I saw the White Stripes in 2005. Although it was a decent show, it didn’t bowl me over. They plowed through songs as if it were a nuisance to be there. Plus, I was a mile away from the stage, so Jack and Meg looked like tiny, red and black dots. The Pageant is small enough to where you have a good view no matter where you sit (or stand). As a result…well…okay…I was enthralled with Jack White. He possessed the skin of a China doll, a robust body that belied his rock ‘n’ roll lifestyle (aren’t most rockers 95 pounds at most?) and some of the shiniest hair I have ever seen. Oh, and he totally cooked on guitar: from the sweaty arena rock of “The Switch and the Spur” to a re-tooled and more jammy version of “Steady As She Goes.”

W: Although I am suspicious of his power over Cristy, I cannot minimize Jack White’s awesome stage presence. There is something peculiarly androgynous in his persona. The pretty made-up face versus the stocky build, the lady-like voice versus the masculine blues guitar tropes, and his ballerina-like grace as he twirls around the stage in service of a no-nonsense handling of his guitar and amplifier. The overly concerned facial expressions he makes during solos remind me of a fussy grandma cleaning a smelly cat box.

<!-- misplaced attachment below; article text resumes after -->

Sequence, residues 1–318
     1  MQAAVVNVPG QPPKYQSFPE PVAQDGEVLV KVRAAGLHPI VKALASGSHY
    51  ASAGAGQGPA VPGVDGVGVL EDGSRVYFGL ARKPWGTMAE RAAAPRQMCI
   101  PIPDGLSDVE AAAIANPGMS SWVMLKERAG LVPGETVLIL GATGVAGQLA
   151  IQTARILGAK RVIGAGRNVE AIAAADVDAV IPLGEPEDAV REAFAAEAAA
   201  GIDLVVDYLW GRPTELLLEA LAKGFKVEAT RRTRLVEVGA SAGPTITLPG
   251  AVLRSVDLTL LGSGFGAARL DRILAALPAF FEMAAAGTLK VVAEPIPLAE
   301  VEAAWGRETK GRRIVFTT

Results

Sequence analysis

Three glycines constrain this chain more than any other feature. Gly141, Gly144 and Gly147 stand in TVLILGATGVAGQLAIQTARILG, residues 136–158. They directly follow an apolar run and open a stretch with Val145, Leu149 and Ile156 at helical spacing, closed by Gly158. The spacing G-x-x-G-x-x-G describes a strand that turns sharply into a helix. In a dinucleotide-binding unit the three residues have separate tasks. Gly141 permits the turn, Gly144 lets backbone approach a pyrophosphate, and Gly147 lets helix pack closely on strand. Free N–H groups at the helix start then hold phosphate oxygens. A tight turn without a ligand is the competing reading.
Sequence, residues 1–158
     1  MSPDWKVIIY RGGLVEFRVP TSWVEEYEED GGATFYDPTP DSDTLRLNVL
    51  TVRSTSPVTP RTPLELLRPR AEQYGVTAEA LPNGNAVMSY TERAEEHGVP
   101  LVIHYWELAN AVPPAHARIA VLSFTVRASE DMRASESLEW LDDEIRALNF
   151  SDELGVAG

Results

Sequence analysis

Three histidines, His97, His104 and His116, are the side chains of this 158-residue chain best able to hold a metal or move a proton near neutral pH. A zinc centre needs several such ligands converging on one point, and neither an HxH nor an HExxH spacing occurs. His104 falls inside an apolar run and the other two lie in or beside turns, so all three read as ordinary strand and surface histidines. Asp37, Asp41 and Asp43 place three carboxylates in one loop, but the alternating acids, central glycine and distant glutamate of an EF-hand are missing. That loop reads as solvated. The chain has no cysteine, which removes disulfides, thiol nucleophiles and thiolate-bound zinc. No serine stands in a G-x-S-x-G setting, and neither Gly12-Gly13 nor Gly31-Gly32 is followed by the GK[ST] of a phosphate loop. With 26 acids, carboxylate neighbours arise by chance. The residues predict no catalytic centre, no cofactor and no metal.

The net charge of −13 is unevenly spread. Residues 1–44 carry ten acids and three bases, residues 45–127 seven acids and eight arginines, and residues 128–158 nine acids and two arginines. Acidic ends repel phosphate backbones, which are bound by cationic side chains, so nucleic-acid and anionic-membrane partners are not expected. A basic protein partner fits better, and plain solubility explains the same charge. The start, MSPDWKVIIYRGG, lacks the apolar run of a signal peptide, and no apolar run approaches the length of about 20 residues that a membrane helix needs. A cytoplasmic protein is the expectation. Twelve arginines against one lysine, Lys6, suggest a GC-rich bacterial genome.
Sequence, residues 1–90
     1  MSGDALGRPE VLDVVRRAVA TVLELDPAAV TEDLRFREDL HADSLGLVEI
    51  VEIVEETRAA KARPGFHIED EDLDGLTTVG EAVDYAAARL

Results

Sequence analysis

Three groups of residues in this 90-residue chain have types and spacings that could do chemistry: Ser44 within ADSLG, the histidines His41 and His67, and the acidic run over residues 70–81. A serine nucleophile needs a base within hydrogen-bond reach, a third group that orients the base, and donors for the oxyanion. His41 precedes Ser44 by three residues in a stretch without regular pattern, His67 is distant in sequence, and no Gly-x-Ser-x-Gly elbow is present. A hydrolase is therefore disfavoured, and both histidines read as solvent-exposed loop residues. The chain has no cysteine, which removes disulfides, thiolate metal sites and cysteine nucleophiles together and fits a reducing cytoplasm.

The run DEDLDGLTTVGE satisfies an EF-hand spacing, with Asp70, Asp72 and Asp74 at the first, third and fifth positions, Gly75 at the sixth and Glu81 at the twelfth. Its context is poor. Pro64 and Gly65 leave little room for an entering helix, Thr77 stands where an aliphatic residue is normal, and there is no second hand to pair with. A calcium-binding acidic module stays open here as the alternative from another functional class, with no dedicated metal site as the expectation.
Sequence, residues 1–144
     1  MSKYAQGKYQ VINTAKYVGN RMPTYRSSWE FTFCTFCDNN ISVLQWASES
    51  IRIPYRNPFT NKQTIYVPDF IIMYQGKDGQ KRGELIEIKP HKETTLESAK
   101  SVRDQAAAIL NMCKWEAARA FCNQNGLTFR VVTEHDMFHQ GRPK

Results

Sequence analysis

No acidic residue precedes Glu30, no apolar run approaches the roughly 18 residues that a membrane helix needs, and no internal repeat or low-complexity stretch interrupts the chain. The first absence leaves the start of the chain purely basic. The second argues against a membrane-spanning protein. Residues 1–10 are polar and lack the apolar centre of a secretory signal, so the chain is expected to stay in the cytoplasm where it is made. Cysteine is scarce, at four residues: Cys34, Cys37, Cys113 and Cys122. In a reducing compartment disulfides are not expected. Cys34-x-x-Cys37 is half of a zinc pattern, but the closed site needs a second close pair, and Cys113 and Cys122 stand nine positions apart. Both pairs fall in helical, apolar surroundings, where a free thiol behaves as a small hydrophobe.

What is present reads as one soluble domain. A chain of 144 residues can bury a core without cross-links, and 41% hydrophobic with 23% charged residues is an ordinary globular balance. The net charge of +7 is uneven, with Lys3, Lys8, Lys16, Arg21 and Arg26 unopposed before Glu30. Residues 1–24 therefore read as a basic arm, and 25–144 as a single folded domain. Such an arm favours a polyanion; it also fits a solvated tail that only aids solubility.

The bassist, Jack Lawrence, is a nerd from hell. With horn-rimmed glasses and long silky black hair, he looks like a skinny girl from math club.

C: He stands, stoic and quiet — a bassist of the truest Bill Wyman variety — and occasionally contributes backing vocals and a swish of the hair.

W: Brendan Benson has a more matter-of-fact presence.

C: No kidding! He wears a baseball ball cap perched atop blond, frizzy locks, looking more like a weathered regular at the Embassy than a rock star. With a higher, scratchier voice, he’s a far cry from the polished man I envisioned from his seemingly clean-cut, power pop background (see The Alternative to Love, a 2005 solo release).